Experiments & Activites

Is Santa Real? (A Scientific Analysis)

Thomas Edison introduced Christmas lights to the world in 1880. It was a vast improvement over the dangerous tradition of putting actual flaming candles in a very dry tree, but in doing so he also invented a new kind of headache. How… how did this happen. I was so careful last year… [MUSIC] Scientists have spent a lot of time thinking about how things get tangled. Turns out it’s just the rules of the universe. In 2007, physicists showed for any cord longer than about 2 meters, knots aren’t rare, they’re almost guaranteed to happen. The math is a little complex, but think of it as the most frustrating example of entropy you’ve ever encountered: there’s always only one way for a string of lights to be untangled, but with a few turns, there’s billions, or trillions or more ways for them to get tied up. Stupid Edison. I bet Tesla would have figured this out.

On Christmas Eve, 1968, the astronauts of Apollo 8 became the first humans to orbit another world. The next day, on Christmas, they radioed back a very important observation from their vantage point above Earth. “Roger, please be informed there is a Santa Claus” Well, if NASA said it, it’s gotta be true! According to reliable sources, Santa’s sleigh is pulled by a team of reindeer, the most famous one being, of course, Rudolph. But Rosie might be a more appropriate name. Male reindeer, and caribou, they’re the same species, shed their antlers during the winter, and that means Santa’s reindeer are all female. Reindeer vision is uniquely adapted for Santa’s nighttime flight. To cope with the months of darkness at northern latitudes, the inside of a reindeer’s eyes change from gold-colored in summer to blue in winter, which scatters more light onto their retina.

So how do they fly? Would you believe that reindeer are buoyant? (singing) Reindeers float better than people, But they’re huge, how could that be true? Oh well it’s physics, you follow? Their hairs, they’re hollow, They insulate much better than you… it’s true. A reindeer’s coat contains two kinds of hairs: a layer of short, dense hair covered with a mesh of longer, hollow hairs. This traps a layer of air in between, which insulates them from the cold, just like those puffy jackets that we wear. This insulation works so well, not only can snow land on reindeer’s backs and not melt, with a little jog they can overheat, even in temperatures down to -40 Celsius. Reindeer have 25% more blood vessels packed in their nasal cavities than we do, so they get rid of excess heat through their noses. This makes their noses glow on a thermal camera, and sometimes they even look red to the naked eye. But even with his team of flying reindeer, how does Santa get around the world in a single night? There’s only so many hours in a day. Well, luckily, he’s got more than 24 hours.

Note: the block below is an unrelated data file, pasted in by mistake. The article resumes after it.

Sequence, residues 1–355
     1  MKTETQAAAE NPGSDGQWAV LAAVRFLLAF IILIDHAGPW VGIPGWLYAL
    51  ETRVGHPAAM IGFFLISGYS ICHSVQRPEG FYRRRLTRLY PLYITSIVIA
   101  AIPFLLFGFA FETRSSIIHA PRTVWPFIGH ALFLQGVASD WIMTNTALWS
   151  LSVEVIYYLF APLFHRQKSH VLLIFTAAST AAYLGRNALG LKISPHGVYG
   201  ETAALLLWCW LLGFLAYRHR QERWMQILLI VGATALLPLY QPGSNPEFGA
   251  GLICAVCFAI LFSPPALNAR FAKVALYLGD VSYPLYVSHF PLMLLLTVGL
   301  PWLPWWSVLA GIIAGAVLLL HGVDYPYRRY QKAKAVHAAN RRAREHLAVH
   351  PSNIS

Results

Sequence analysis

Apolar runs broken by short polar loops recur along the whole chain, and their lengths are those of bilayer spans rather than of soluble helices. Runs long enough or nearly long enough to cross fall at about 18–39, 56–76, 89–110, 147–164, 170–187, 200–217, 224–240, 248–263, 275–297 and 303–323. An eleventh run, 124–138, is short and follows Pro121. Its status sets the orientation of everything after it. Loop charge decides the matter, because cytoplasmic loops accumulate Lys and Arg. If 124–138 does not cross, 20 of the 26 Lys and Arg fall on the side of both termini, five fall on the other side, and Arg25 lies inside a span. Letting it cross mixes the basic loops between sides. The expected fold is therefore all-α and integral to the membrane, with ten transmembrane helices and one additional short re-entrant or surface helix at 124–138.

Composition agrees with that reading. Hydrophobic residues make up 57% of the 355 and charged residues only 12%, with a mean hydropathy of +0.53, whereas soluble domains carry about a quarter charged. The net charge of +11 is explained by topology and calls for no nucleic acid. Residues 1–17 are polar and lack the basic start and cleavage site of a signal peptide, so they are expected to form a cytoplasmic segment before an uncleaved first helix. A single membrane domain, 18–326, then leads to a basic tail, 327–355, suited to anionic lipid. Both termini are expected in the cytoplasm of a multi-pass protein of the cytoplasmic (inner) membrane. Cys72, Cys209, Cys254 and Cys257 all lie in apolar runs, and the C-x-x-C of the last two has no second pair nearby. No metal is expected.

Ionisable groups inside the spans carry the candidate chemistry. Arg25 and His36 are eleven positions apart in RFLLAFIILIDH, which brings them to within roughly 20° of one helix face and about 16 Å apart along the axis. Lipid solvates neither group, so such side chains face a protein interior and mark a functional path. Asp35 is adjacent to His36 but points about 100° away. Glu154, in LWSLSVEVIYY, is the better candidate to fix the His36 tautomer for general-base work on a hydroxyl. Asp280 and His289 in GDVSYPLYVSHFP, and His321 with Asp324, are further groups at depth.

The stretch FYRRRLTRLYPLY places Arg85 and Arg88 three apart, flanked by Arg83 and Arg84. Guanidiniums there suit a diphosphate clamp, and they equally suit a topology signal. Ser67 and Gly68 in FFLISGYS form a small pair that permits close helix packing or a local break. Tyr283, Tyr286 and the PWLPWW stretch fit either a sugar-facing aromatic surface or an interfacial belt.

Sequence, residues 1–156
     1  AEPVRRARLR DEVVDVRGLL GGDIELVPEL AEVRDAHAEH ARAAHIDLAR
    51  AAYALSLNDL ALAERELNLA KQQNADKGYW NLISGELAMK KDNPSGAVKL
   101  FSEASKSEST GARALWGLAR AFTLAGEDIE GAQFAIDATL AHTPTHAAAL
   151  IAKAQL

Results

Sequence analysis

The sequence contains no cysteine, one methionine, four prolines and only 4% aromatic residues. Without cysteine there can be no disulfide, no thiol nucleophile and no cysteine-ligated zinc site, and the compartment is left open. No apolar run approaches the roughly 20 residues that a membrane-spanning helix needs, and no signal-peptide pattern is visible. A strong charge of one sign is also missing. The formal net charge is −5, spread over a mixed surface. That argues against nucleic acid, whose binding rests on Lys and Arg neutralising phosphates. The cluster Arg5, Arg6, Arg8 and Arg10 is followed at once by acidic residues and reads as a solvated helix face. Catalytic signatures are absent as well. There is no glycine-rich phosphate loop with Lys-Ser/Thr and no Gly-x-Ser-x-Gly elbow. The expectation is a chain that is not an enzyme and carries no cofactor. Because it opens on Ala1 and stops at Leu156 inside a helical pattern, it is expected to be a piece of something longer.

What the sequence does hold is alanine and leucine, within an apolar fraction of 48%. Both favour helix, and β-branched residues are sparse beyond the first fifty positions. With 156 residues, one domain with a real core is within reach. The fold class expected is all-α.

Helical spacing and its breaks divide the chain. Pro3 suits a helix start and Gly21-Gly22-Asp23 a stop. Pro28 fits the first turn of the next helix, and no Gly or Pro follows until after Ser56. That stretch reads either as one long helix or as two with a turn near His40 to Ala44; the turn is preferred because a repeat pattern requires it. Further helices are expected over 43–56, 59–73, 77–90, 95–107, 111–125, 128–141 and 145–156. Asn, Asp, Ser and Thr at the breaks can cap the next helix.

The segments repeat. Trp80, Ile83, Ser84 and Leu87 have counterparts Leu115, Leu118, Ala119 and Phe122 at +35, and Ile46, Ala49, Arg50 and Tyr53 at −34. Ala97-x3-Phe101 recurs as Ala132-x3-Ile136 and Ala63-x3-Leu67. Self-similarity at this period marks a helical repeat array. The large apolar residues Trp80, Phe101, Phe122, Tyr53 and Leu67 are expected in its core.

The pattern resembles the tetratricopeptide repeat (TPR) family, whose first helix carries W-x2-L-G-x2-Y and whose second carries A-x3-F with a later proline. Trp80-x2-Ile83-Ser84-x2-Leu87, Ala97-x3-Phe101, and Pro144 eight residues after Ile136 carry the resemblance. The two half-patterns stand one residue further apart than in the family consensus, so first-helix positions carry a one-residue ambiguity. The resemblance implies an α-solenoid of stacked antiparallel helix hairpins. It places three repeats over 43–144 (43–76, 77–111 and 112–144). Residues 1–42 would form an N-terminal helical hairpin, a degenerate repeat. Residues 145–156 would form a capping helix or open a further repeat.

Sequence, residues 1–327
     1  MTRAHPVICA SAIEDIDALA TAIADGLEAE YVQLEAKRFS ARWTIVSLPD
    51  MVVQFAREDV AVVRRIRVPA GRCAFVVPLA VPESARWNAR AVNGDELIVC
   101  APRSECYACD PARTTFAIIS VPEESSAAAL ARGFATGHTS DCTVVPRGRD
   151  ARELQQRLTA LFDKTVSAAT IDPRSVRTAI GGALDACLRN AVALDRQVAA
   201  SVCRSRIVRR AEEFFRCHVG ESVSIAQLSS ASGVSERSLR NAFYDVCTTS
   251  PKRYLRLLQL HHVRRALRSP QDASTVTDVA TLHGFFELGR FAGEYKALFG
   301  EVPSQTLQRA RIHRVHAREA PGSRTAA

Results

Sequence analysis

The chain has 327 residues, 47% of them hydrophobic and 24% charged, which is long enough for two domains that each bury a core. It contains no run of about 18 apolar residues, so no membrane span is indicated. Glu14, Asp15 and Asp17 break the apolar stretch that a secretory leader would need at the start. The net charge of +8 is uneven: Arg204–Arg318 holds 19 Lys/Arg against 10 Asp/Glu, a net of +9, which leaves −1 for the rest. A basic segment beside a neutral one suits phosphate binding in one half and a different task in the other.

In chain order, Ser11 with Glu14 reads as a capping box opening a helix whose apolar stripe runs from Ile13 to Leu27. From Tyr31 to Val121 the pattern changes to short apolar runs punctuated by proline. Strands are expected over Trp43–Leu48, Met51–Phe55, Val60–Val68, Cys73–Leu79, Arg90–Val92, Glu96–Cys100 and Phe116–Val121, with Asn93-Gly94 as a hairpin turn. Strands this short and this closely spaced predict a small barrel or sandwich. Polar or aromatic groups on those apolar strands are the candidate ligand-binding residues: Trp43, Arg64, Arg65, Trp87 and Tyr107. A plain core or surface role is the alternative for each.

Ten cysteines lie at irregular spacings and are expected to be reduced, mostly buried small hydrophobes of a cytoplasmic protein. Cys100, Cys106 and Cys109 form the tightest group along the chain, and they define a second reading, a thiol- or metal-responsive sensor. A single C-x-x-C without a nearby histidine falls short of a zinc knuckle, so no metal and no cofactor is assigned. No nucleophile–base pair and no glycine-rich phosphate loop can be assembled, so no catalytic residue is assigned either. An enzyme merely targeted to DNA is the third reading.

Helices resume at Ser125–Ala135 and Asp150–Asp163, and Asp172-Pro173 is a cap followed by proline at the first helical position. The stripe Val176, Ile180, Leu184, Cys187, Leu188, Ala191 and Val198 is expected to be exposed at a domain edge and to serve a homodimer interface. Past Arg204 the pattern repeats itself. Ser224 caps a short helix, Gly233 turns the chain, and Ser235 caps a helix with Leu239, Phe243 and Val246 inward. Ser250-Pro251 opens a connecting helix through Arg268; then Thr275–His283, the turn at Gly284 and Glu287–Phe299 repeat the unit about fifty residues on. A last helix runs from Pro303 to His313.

If Santa starts delivering presents at, say, 10 PM at the international date line and travels west with the rotating Earth, he can circle the globe without losing any time. Then he can reverse course until kids wake up at 6 AM, giving him 32 hours total to deliver presents. Let’s assume Santa delivers gifts to all 2.2 billion children on Earth, because hey, it’s Christmas after all. At 2.3 children per household, that’s 944 million stops. How far does he have to travel? There’s about 24.6 million square miles of habitable land on Earth, so if we average out the space between every chimney, that gives us about .026 square miles per household. If every house occupies an evenly spaced square 0.16 miles apart, Santa’s sleigh has to cover more than 150,000,000 miles in 32 hours, which means an average speed of more than 1,300 miles per second.

That’s about 130 times faster than NASA’s New Horizons probe, the fastest of all fast human things. Ignoring the fact that at those speeds, Santa’s sleigh would burst into flames from air resistance, that gives St. Nick less than 1/10,000th of a second between each delivery. Even if he stopped and got going again instantly at each house, he’d experience acceleration 1.8 billion times Earth’s gravity. If we assume the jolly old fella weighs around 330 pounds, that’s a thrust equivalent to about a million and a half Space Shuttle engines. In other words, he’d be a bowl full of jelly. Literally. This doesn’t take into account his payload of gifts, either. At two pounds of presents per child, that comes to four and a half billion pounds of Christmas cargo.

The world’s largest cargo plane, the Antonov-225, can carry about 550,000 pounds, meaning we’d need a fleet of almost 8,000 to deliver Christmas. Not only is that pretty bad for the environment, I’m pretty sure you’d hear them flying over your street on Christmas Eve. Clearly, Santa uses other methods. I suppose he could generate stocking-to-stocking wormholes, or have spacetime warp drive on board his sleigh, but I’ve got a different theory. There’s a prediction in quantum mechanics that says every possible observation for the universe is real, that every timeline that can happen, does happen.

The universe that we live in is just one of of infinite, parallel possibilities. Schrodinger’s cat, for instance, isn’t alive or dead inside the box, it’s both. This universe contains just one of many possible outcomes. What if on Christmas eve, Santa creates a universe for all of us, there is one of him for every home, and his real magic is that every Christmas morning, he ties all of our timelines back together, when we open the box to see what’s inside.

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